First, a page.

I decamp and reload the bike. I ride to where the stag do crew are camped but there is no sign of life and I don’t want to wake anyone. I decide I’ll leave with no fuss or ceremony, that’s the way I like it. The plan for today is quite open. I could ride up to Merida and find camping there, about 200 to 250 miles, or I could carry on through Merida and go right up to Salamanca, about 450 miles in total. The Scottish crew are planning to go straight up to Salamanca, get the hard part of the journey done and make the rest of the trip a lot easier. I’m going to see how I feel along the way.

I leave Faro. On the road again my thoughts reflect on the rally. I didn’t spend much time with the stag do crew, I didn’t spend much time with anyone really. I did find plenty of people to talk to but always felt somehow “on the outside”. Musically the offering was for the most part not to my liking. I like modern rock not the traditional biker music. And I don’t like being a small part of a very big crowd, being herded here and there. I reach the conclusion that for myself rallies need to be done with a group of friends and in a smaller environment. The faro is a good rally, no doubt about that, it just did not suit me.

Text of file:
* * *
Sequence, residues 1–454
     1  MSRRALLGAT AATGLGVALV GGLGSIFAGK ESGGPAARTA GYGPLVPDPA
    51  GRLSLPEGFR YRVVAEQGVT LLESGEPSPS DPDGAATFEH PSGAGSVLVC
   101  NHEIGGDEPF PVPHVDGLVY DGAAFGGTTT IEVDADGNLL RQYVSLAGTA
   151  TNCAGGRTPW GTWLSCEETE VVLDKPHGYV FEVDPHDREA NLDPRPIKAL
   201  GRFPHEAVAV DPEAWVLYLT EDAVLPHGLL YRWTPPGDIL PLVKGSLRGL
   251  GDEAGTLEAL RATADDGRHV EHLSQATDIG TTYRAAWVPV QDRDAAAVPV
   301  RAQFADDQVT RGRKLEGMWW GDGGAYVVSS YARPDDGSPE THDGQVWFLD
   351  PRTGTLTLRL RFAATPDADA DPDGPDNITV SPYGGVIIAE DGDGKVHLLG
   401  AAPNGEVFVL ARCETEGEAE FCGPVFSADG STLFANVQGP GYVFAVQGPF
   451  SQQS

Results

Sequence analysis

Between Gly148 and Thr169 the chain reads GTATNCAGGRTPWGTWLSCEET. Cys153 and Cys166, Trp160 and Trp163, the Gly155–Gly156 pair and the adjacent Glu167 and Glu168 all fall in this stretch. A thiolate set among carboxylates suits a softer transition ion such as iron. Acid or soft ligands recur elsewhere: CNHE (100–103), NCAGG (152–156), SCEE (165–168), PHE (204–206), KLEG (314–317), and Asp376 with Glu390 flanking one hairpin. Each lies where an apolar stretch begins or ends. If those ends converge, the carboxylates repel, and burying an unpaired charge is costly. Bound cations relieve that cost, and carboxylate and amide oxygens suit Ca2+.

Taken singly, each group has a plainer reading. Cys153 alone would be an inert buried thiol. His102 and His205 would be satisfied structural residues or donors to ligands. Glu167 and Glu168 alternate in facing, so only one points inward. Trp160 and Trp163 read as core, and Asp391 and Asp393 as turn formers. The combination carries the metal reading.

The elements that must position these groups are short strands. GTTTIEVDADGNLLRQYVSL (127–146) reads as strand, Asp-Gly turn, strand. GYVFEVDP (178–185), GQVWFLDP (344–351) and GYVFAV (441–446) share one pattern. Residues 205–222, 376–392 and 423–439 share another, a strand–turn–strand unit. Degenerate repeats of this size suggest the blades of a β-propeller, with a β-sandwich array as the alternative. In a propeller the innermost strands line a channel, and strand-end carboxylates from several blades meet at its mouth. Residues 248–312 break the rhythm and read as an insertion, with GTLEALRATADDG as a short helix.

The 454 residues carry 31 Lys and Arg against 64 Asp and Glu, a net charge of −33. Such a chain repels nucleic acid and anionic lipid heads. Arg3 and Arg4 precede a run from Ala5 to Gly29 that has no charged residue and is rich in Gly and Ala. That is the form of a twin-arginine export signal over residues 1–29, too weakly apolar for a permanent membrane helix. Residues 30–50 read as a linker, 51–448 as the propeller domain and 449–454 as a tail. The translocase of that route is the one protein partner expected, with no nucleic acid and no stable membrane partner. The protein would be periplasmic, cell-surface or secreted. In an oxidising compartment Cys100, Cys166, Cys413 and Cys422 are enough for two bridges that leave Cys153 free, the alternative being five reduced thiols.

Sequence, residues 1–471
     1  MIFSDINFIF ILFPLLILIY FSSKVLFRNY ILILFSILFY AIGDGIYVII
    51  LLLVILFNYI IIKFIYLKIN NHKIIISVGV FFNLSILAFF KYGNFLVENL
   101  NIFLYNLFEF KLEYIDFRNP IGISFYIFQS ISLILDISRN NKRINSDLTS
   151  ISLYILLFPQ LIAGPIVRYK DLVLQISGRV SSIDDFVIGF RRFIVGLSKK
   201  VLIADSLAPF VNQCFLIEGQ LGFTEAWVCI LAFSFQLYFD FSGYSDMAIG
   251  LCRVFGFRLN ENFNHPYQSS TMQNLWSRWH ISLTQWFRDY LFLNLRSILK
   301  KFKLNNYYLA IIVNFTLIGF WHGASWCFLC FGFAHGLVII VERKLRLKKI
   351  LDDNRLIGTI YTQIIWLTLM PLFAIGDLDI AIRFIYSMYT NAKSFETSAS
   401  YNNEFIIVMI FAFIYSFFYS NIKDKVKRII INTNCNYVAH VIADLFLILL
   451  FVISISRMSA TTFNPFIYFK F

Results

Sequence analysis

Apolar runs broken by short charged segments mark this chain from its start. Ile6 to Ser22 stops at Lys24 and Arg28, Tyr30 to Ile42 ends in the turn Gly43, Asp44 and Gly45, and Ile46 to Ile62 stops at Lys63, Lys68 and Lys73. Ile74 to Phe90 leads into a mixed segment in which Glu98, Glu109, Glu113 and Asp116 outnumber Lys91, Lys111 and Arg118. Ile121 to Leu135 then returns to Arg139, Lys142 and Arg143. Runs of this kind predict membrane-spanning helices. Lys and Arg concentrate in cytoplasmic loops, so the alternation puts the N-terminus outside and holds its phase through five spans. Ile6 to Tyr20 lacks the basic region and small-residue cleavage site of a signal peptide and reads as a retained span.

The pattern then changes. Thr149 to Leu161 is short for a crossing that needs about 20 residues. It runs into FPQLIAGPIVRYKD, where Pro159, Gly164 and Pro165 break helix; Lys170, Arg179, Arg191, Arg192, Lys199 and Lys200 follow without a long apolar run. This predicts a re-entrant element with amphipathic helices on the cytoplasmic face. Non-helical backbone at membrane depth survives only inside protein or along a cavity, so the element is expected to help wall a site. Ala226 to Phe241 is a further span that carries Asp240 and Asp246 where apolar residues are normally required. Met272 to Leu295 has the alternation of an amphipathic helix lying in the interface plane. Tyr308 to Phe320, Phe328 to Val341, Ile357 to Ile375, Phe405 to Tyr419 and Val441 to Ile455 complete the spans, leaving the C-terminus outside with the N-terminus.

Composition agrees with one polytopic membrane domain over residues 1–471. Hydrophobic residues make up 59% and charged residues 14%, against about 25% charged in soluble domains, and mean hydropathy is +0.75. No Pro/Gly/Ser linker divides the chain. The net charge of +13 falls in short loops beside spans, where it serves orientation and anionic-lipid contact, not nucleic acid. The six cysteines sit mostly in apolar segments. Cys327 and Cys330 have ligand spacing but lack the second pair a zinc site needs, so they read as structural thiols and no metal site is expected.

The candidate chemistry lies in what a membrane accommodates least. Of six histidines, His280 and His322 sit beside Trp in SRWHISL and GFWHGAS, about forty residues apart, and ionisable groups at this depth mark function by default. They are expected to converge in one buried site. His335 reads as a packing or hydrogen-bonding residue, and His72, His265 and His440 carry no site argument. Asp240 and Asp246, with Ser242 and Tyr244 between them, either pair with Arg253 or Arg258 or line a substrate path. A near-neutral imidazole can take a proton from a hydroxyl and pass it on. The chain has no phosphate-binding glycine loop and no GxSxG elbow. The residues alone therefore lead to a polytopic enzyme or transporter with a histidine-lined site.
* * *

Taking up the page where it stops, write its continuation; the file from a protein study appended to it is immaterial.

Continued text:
With all this thinking I think I’ve missed my turning. I pull off the Autovista and consult my map. Indeed I have and I now have to ride 10 miles back to a turning. I find I’m back on the right road, and it’s the twisty road I travelled on my day of hell. This time I’m fresh, this time I’m up for this. Oh yes, it is simply awesome. The sun is shining, I have at least 50 miles of twisty road ahead, the bikes feels solid and alive, I’m wide awake, alive and on my way home. I feel so good as I roll the bike over crests and dips, round bends and through hairpins. I think about the Friday night lads back home. I’m on a 600cc bike built for reliability not speed, if the lads were here they’d be miles off ahead screaming along at immense speed then stopping to wait for me while talking about this bend and that straight. I keep on rolling at 80mph.